Non-Profit Trusted Source of Non-Commercial Health Information
The Original Voice of the American Academy of Anti-Aging, Preventative, and Regenerative Medicine
logo logo
Aging Cancer Longevity

Scientists make cancer breakthrough

10 years, 1 month ago

780  0
Posted on Sep 02, 2008, 5 a.m. By Rich Hurd

Scientists have made a major breakthrough in the fight against cancer by unraveling the code of the enzyme telomerase, which plays a key role in the growth of more than nine out of ten cancers.

Scientists have made a major breakthrough in the fight against cancer by unraveling the code of the enzyme telomerase, which plays a key role in the growth of more than nine out of ten cancers.

Telomeres are cellular structures that limit cells to a fixed number of divisions by shortening each time the cell divides, and are believed to play a key role in the aging process. The enzyme telomerase replaces the length of the telomere that is normally lost during cell division, effectively rendering cells immortal. In normal adult cells telomerase is switched off, however it is active in cancer cells, thus immortalizing them.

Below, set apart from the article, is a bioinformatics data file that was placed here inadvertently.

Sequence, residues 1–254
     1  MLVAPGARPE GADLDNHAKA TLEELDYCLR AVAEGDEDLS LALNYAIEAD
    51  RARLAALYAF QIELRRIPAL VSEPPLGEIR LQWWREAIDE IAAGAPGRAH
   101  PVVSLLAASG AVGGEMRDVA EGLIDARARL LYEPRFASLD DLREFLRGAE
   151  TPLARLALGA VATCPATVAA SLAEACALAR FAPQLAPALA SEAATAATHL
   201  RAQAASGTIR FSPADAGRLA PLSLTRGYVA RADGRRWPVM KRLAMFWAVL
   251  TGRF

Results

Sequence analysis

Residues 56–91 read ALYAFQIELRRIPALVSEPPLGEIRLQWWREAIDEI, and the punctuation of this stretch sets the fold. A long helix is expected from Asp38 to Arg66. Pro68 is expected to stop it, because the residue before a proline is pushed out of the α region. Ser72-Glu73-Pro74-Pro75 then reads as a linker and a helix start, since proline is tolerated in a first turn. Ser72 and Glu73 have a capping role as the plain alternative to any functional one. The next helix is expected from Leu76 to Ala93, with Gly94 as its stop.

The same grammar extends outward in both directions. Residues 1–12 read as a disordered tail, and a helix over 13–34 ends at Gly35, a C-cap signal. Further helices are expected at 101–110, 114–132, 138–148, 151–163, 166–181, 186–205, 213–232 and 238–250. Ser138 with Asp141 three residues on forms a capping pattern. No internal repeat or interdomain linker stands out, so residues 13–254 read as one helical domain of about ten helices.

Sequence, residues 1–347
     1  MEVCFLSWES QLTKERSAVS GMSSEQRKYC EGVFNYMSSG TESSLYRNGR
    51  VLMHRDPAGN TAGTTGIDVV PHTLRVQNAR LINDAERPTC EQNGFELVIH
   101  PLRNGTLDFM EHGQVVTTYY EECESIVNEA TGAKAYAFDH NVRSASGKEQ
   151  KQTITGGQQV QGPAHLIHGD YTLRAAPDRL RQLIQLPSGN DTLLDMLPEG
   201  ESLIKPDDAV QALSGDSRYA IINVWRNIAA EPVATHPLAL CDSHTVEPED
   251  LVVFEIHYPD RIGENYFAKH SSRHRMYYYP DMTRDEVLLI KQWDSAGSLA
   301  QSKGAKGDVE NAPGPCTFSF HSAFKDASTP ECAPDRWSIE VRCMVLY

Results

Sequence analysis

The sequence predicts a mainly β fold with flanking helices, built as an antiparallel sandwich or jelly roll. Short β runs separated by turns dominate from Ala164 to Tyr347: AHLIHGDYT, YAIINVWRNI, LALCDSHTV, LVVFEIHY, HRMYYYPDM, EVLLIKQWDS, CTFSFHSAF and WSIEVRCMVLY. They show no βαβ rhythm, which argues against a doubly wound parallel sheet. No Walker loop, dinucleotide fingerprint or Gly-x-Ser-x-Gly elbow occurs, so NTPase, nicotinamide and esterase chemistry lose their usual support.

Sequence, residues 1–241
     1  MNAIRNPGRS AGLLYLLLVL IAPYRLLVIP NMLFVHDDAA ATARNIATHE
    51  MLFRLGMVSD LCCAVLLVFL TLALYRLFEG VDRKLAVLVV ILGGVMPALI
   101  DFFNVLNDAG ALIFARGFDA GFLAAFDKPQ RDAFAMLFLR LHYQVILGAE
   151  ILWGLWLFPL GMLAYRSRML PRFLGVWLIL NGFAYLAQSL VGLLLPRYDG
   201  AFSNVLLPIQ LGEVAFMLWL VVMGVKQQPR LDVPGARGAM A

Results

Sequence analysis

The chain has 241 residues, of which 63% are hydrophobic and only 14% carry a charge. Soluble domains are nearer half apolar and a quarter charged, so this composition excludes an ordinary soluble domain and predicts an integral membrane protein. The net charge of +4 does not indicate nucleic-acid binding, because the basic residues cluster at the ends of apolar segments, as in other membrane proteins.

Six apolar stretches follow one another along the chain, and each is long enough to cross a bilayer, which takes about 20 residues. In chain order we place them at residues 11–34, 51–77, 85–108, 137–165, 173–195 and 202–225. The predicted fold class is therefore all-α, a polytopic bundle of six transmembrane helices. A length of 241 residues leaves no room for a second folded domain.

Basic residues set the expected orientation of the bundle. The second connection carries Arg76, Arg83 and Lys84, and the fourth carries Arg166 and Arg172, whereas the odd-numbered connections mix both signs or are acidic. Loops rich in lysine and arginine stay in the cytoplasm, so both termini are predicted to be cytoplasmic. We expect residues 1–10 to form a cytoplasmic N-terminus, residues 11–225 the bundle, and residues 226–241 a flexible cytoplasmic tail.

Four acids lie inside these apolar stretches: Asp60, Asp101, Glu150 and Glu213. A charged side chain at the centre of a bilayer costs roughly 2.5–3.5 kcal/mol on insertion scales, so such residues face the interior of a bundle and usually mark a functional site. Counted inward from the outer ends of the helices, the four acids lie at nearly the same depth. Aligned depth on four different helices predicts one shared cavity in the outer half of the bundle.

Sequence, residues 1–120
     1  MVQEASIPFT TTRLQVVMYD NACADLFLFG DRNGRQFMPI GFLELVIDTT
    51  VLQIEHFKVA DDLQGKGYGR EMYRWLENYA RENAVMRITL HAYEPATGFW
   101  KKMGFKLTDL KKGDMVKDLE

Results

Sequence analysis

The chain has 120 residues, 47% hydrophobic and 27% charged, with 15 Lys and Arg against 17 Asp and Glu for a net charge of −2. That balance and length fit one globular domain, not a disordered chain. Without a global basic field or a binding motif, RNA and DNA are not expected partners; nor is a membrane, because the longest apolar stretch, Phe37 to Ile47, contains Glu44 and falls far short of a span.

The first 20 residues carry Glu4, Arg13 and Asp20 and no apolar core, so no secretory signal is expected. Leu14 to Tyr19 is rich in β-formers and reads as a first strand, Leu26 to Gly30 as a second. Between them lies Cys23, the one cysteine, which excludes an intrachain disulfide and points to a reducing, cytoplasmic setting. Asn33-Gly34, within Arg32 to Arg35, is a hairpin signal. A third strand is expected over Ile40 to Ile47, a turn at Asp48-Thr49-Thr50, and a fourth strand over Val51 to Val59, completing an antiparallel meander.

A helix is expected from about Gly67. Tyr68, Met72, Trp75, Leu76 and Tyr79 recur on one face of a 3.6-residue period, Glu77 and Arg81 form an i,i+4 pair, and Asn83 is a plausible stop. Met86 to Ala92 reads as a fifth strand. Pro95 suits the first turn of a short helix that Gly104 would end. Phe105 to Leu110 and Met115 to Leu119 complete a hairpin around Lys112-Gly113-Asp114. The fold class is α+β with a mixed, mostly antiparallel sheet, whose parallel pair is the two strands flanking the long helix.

The researchers used a technique called X-ray crystallography to determine the three-dimensional structure of a key protein within the enzyme called telomerase reverse transcriptase protein (TERT). Determining the structure of TERT enabled the researchers to decipher exactly how telomerase lengthens telomeres. This discovery should enable scientists to design telomerase inhibitors, which would strip cancer cells of their cellular immortality. In a press release, researcher Dr Emmanuel Skordalakes said: "Telomerase is an ideal target for chemotherapy… because it is active in almost all human tumours, but inactive in most normal cells.  A drug that deactivates telomerase would likely work against all cancers, with few side effects."

The discovery may also lead to the development of anti-aging therapies that could slow the aging process and promote longevity. Such therapies could also be used to prevent or treat age-related diseases. Where drugs for the treatment of cancer will deactivate telomerase, anti-aging drugs are likely to activate telomerase under controlled conditions.  

Gillis AJ,Schuller AP, Skordalakes E. Structure of the Tribolium castaneum telomerase catalytic subunit TERT. Nature Advance online publication. DOI:10.1038/nature07283; 2008.

 

Subscribe to our Newsletter

WorldHealth Videos

WorldHealth Sponsors